The geeks at UBS Wealth Management Research have caught World Cup fever, and have made some interesting predictions about how this year’s soccer World Cup will pan out.
Based on a simulation, the analysts have determined that Italy will win. The simulation was carried out using scientific methods comparable to those used by experts to make economic and financial-market forecasts. The model developed by analysts was then tested for reliability by applying it to past football World Cup and European tournaments, with remarkably precise results: the simulation correctly predicted 89 percent of all of the semi-final winners of the previous nine World Cups.
According to the UBS simulation, further results will be as follows: Germany will lose to Argentina in the 3rd round and Italy will beat France at the same stage. They will be closely followed by the Netherlands, who will send England home. In the fourth pairing, the Brazilians will dominate the Spaniards. The semi-finals will then be down to the favorites: the Netherlands will draw the short straw against the Brazilians, the Italians will beat Argentina. In the final, the Brazilians will be forced to accept the fact that the Italians are the better team in this tournament.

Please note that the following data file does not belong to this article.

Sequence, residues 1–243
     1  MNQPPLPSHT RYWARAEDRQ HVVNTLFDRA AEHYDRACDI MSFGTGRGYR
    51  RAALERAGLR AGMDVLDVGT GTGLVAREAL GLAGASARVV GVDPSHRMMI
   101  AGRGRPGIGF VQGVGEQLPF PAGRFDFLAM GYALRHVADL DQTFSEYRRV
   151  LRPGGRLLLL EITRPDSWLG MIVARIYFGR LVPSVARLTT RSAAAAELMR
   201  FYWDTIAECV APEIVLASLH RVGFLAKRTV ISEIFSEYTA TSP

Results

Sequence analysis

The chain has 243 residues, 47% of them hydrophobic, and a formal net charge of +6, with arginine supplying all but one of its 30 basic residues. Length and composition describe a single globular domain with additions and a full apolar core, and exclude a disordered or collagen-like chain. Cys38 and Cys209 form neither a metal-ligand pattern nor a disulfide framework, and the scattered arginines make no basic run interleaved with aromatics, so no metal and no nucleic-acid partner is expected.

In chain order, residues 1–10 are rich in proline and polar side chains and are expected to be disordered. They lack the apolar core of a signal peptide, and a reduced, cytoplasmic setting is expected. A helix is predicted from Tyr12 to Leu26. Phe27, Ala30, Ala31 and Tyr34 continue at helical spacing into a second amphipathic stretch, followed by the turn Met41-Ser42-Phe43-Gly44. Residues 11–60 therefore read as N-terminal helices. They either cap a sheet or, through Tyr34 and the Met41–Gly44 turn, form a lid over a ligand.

Many influencing factors
Along with “football fever”, the team around UBS Wealth Management Chief Economist Klaus Wellershoff was interested to find out what variables are important in predicting World Cup success. In doing so, they discovered that many things that appear to be obvious are, in fact, not crucial to winning the World Cup. An example of this would be the size of a country’s population, which is often incorrectly correlated to the amount of potential athletic talent. The FIFA rankings, which list the top national soccer teams, also prove to be of limited use when it comes to making a prediction: the FIFA list compiles the sporting success of the individual teams but assigns equal value to all wins, no matter how strong the opponent.
The creation of the World Cup prediction was an intellectual change of pace for the UBS analysts, but it also delivered additional insights. The exercise, for example, gave the experts the opportunity to demonstrate the flexibility of their methods outside their typical parameters.
Of course, there are also limits. According to the model, Greece would never have become European champion in 2004. Sports do still follow their own rules – and are more attractive than any simulation.
Question: If Italy loses, will the billionaires take their money away from the managers at UBS Wealth Management?